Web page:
Bake cookies until puffed and cracked and edges have begun to set but centers are still soft (cookies will look raw between cracks and seem underdone), about 12 minutes. Let cool on cookie sheets for about 5 minutes before removing and placing on cooling rack to cool completely.
I say “adapted” above because I made a few tweaks, both to the ingredients and technique — I reduced the amount of sugar by 1/2 cup (and used light brown sugar because it’s all I had) and I chilled the dough overnight (though at least an hour is probably sufficient). The reason for these adjustments is because I wanted puffier cookies than the ones in the picture included with the original recipe. Reducing the amount of sugar in a cookie recipe and chilling the dough are two ways you can make your cookies puffier if you prefer them puffy. Allrecipes.com has a very useful article on what adjustments you need to make to achieve your “perfect” cookie, and it’s worth checking out! I also changed the way I melted the chocolate because I never use the microwave for melting chocolate. I just prefer to use the bain marie method I describe above. It takes longer but reduces the risk of overheating the chocolate. Also, since I wanted smaller cookies, I ditched the cookie scoop and used a teaspoon to measure out smaller amounts of dough.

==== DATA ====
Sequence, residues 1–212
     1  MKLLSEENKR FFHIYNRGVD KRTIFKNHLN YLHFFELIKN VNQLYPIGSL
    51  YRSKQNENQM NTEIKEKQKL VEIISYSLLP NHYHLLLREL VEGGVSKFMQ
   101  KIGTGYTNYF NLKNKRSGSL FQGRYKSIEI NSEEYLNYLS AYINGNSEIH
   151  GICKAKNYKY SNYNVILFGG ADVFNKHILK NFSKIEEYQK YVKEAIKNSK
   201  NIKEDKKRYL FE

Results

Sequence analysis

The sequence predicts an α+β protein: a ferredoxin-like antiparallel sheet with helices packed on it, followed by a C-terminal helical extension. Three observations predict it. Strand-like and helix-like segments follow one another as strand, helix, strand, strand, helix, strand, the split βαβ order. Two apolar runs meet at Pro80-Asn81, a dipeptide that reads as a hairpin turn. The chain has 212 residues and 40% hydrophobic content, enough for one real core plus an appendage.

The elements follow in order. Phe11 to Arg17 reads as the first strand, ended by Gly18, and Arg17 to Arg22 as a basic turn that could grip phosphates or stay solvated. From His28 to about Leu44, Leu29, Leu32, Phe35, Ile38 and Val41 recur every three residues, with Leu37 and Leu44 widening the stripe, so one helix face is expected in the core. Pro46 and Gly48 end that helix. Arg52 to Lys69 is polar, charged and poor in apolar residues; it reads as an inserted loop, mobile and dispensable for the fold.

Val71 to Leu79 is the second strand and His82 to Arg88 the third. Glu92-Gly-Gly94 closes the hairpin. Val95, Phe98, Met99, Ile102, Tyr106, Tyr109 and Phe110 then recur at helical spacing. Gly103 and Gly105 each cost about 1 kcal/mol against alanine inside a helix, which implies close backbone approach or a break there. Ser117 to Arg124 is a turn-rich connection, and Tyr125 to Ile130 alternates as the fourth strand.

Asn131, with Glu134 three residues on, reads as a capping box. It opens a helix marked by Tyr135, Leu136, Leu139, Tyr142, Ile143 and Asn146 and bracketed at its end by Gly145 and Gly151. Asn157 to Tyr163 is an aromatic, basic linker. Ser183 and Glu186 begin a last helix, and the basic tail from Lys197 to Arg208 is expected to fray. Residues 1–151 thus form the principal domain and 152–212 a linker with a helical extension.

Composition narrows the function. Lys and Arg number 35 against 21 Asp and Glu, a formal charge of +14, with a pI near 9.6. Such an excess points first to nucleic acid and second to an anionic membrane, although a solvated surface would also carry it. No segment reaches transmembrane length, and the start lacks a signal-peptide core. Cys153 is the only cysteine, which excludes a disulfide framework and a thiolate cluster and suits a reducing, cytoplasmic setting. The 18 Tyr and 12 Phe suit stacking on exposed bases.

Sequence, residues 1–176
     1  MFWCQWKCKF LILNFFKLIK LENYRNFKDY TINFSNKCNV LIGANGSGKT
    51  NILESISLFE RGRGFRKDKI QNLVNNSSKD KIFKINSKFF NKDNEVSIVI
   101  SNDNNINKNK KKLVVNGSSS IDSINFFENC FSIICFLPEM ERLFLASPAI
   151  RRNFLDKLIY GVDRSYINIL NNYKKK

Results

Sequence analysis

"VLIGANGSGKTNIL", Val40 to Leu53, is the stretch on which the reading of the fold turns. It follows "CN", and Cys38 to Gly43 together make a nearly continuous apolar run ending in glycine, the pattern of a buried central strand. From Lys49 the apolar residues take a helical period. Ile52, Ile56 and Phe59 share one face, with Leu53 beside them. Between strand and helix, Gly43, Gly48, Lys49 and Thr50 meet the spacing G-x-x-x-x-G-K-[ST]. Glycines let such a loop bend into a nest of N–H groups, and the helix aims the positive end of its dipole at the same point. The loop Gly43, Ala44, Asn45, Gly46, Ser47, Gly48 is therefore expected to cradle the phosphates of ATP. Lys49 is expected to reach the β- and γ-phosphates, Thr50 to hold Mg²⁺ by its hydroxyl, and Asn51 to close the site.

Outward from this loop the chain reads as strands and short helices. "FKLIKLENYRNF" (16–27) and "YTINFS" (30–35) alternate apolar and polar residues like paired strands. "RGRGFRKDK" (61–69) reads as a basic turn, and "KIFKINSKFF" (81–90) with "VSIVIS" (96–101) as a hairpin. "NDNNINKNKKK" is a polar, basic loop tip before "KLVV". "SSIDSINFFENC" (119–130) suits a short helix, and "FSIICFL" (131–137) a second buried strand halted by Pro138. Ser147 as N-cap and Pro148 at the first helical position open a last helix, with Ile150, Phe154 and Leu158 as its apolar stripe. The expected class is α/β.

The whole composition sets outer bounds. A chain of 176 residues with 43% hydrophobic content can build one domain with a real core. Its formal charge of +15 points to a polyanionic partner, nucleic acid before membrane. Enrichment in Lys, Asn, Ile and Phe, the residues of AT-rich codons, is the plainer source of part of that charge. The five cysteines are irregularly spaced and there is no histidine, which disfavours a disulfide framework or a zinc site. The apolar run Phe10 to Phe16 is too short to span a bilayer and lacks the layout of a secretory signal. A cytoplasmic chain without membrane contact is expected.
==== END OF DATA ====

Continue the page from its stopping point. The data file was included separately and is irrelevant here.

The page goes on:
The cookies were brownie-like, dense and moist. And so deeply chocolatey, with the chocolate flavor enhanced by the espresso powder. Chocolate + Espresso Powder = Pure Dark Magic. The granulated sugar coating under the powdered provides a hint of crisp as you bite into the cookie, and also helps the powdered sugar adhere better and not melt while baking. I took these to an office holiday party and my co-workers were absolutely addicted!